End of an Era — CD Baby Is Shutting Down Its Online Music Store

CD Baby shutting down
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CD Baby shutting down
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Photo Credit: Unsplash

The end of an era is here – CD Baby is shutting down its online music store at the end of March.

CD Baby first launched its online presence in 1998 as one of the first online CD stores for indie artists. Since then, it has become a massive global distributor of independent music and a major publishing rights administrator.  Currently, CD Baby represents over 650,000 recording artists and 100,000 songwriters. The company reports payouts of more than $500 million to indie artists and labels for streams, CD and vinyl sales, YouTube revenue, sync licensing fees, and more.

So why is CD Baby shutting down its online music store?

In short – online CD sales have plummeted to a tiny percentage of the company’s revenues. In 2009, online store sales accounted for 27% of the total revenue paid to artists each week. By 2019, sales from the store account for less than 3% of artists’ overall earnings, according to the company.

Add flattening downloads into the mix, and the decision becomes pretty easy. “With a few exceptions, the store is no longer a money-maker for most of our artists,” an announcement reads.

CD Baby says it will focus on the aspects of its business that continue to be successful. Distribution, monetization, and promotion services will continue to be priorities.

One thing to note – CD Baby says its physical distribution program is still alive and well. The majority of orders for physical distribution CDs and vinyl records come from storefronts like Amazon or artist storefronts on Shopify.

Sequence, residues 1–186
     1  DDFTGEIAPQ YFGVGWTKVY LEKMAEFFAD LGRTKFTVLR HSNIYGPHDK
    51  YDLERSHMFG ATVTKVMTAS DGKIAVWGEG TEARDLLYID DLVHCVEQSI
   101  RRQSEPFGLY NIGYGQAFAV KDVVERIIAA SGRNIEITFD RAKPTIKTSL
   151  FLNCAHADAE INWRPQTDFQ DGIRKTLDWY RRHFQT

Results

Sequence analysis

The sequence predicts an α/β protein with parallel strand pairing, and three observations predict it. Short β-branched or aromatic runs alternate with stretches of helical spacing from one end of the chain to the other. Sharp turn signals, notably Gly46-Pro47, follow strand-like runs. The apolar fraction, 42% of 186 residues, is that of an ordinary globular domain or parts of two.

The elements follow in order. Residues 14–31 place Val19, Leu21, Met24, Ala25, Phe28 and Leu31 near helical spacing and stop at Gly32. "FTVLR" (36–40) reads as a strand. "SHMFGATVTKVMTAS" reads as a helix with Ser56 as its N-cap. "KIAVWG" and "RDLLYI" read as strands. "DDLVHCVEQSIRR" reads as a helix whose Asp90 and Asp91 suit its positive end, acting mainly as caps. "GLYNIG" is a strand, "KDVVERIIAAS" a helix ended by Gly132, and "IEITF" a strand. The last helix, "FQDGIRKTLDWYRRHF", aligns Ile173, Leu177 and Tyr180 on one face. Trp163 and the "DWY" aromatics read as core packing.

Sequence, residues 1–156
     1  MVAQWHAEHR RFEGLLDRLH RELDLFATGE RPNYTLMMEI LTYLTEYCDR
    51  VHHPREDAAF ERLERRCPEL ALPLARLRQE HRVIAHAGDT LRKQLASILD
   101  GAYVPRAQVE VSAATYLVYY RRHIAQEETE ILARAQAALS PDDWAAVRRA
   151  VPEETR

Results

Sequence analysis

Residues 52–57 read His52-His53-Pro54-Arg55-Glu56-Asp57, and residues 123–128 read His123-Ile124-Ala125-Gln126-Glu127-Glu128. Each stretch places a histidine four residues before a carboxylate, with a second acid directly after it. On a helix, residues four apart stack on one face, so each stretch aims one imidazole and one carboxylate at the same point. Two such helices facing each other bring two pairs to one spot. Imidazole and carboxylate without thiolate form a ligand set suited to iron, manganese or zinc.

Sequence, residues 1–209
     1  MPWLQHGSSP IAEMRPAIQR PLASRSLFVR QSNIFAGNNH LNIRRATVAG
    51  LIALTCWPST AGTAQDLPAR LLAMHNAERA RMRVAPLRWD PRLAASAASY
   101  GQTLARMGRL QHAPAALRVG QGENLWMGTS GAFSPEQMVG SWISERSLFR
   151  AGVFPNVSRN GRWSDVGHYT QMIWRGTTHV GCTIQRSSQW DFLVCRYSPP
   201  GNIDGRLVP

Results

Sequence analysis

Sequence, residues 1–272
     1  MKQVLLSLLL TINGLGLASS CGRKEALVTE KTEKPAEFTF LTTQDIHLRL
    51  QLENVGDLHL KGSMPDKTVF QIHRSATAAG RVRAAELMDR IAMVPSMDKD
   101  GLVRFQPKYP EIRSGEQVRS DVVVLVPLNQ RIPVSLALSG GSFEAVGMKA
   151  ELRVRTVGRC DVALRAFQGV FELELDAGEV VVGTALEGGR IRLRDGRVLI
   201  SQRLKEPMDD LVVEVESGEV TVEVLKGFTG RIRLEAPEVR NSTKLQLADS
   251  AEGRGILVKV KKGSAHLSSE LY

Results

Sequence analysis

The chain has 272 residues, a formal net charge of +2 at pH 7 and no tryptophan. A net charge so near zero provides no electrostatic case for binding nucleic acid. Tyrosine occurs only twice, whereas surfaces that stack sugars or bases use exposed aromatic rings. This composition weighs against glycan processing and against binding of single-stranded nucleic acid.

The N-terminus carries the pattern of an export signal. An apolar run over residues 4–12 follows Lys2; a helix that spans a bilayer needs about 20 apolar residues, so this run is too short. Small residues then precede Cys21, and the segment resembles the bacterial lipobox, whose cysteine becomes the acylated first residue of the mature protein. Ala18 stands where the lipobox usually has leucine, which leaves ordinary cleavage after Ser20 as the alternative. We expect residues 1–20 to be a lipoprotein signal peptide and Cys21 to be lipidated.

CD Baby will still warehouse product and fulfill orders for artists who use their physical distribution program. The only change here is that CD Baby’s online store is shutting down. The move makes sense since streaming distribution makes up the bulk of its business.

While vinyl sales are up, CD sales are on a slow slope downward. 2019 marked the first year since 1986 that vinyl outsold CDs in the United States. But despite vinyl’s decade-plus upward surge, physical music sales continue to slump as the once-breadwinning CD rides into the sunset.

12 Responses

  1. Darby

    Digital, streaming content isn’t all it’s cracked up to be. When your internet connection goes out, I’ll be listening to my CDs. Fools, the lot of you!

      • Darby

        Thanks for the direct personal attack. Look in a mirror to see the idiot.

      • Ethan Jensen

        I shall be laughing when your service goes down and you have NO access to the music you do not own and cannot hear! The internet does not run on magic even though you seem to think it does.

        Hillarious. Physical rules. Streaming is the new Emperors new clothes. No one makes any profit it is a case of last man standing hoping to take all the spoils. Physical will be here forever and I for one will always support it.

  2. FJ

    Quite honestly i dont know how people can live with just streaming and hundreds of albums in a computer. Clearly its people who dont take music seriously. Sound quality artwork, (lyrics when printed) and band photos all combined make for the perfect music experience. Anything below this is substandard and unacceptable.

  3. james w. day

    I miss the days of linear notes and art.
    At a recent gig a blues artist was handing out USB of his music… but alas no word doc inside to read who played what… side men are moved to the shadows.

    • Bobby

      Album art in general is half the fun of getting into music. Discovering a poster in the packaging is the most!

  4. Bobby

    Album art in general is half the fun of getting into music. Discovering a poster in the packaging is the most!

  5. Michael Green

    What will replace CD-baby’s ability to search for artists and genres?